Written by Shannon Mo, Associate in San Francisco

Picasso’s Still Got It.  Or doesn’t he?

The Supreme Court agreed last month to hear a case, Golan v. Holder, addressing whether Congress acted constitutionally in 1994 when it restored copyrights to a handful of foreign works — hugely important works including Picasso’s “Guernica,” films by Alfred Hitchcock, and symponies by Stravinsky — works which previously belonged to the public.

A similar issue was heard almost nine years ago when the Court considered whether copyrights for works not yet in the public domain could be extended by 20 years at Congress’ discretion, eventually ruling that extensions for works not yet in the public domain are permitted.  In the 2003 Eldred v. Ashcroft case (537 U.S. 186), the court ruled that the extension did not exceed Congress’ power under the Copyright Clause.

However, the question remains: when, if ever, does Congress have the constitutional power to revive copyright protection once it has expired for a creative work?

This question may finally be answered.  

In 1994, the Uruguay Round Agreements Act (URAA) implemented the Uruguay Round General Agreement on Tariffs and Trade (GATT), which includes an agreement on the Trade-Related Aspects of Intellectual Property (TRIPS).  The act took once freely accessible works and put them back under copyright protection.  The case now before the Supreme Court, Golan v. Holder, tests whether the Copyright Clause gives Congress any authority to take a work out of the public domain — that is, to restore its copyright shield once that has expired.  Second, it tests whether the 1994 law at issue violates the free speech rights of those who, before the law was passed, freely performed or distributed works that had entered the public domain.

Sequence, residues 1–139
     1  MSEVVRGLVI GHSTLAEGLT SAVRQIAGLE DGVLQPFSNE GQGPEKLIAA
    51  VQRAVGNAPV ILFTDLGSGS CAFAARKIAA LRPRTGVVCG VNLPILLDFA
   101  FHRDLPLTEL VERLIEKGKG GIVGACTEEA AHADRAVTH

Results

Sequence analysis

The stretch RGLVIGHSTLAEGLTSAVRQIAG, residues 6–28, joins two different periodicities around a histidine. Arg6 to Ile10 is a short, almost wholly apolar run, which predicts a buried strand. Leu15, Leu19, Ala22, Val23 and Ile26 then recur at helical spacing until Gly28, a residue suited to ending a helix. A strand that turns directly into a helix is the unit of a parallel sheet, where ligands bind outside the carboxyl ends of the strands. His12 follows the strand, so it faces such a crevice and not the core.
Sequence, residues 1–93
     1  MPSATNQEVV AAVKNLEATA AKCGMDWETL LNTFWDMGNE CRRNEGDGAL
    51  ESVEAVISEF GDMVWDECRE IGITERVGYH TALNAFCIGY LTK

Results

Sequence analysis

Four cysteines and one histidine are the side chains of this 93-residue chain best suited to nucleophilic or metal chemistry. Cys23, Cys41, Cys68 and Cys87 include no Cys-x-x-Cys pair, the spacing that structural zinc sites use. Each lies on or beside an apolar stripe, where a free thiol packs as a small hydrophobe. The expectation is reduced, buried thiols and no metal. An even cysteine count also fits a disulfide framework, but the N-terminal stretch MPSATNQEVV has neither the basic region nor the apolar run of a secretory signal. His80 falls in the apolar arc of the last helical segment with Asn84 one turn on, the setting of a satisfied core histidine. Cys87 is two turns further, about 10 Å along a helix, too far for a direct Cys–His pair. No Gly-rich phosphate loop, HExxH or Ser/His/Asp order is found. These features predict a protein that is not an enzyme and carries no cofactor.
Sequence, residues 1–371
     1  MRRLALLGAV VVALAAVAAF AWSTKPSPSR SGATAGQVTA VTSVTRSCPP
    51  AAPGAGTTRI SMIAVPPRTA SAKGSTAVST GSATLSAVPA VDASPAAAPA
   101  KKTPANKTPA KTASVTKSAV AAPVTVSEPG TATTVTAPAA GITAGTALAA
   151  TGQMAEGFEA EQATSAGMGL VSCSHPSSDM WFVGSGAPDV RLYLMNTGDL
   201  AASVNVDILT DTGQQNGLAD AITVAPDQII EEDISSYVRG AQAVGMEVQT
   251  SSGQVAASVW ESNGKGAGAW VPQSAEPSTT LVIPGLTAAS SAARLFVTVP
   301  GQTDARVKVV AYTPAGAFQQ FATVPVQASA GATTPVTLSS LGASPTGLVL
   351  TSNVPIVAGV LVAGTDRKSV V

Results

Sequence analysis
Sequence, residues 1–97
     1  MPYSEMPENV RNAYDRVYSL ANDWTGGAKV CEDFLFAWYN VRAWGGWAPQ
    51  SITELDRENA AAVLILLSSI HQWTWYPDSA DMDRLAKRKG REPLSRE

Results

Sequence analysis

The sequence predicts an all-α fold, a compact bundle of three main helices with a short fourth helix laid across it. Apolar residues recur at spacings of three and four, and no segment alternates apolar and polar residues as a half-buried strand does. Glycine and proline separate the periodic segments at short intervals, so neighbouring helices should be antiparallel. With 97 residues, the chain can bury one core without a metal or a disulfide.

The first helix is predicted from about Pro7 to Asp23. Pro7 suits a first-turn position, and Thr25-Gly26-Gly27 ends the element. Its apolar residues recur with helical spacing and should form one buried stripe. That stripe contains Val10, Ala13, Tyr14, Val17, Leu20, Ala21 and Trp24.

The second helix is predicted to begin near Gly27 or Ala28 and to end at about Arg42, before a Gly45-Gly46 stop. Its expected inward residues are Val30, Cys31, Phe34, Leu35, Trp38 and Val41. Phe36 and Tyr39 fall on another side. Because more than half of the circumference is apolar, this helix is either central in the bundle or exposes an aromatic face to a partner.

The plaintiffs’ attorneys argue the Constitution was meant to create incentives for the creation of art and the progress of science, not to create timeless monopolies.  “If Congress is free to restore material from the public domain at will,” the petition for review argues, “then the public’s federal right to copy and to use public domain material this Court has recognized may evaporate at any time.”

The government, on the other hand, represents that the 1994 decision did not impair the constitutional structure, or free speech rights, and was designed to apply to foreign works by authors unfamiliar with United States law, or previously ineligible for protection.  In its defense, the government argued the 1994 decision allows works to expire as if they had been protected since creation.

This case is incredibly important in the copyright evolution in the United States.  All eyes will be watching.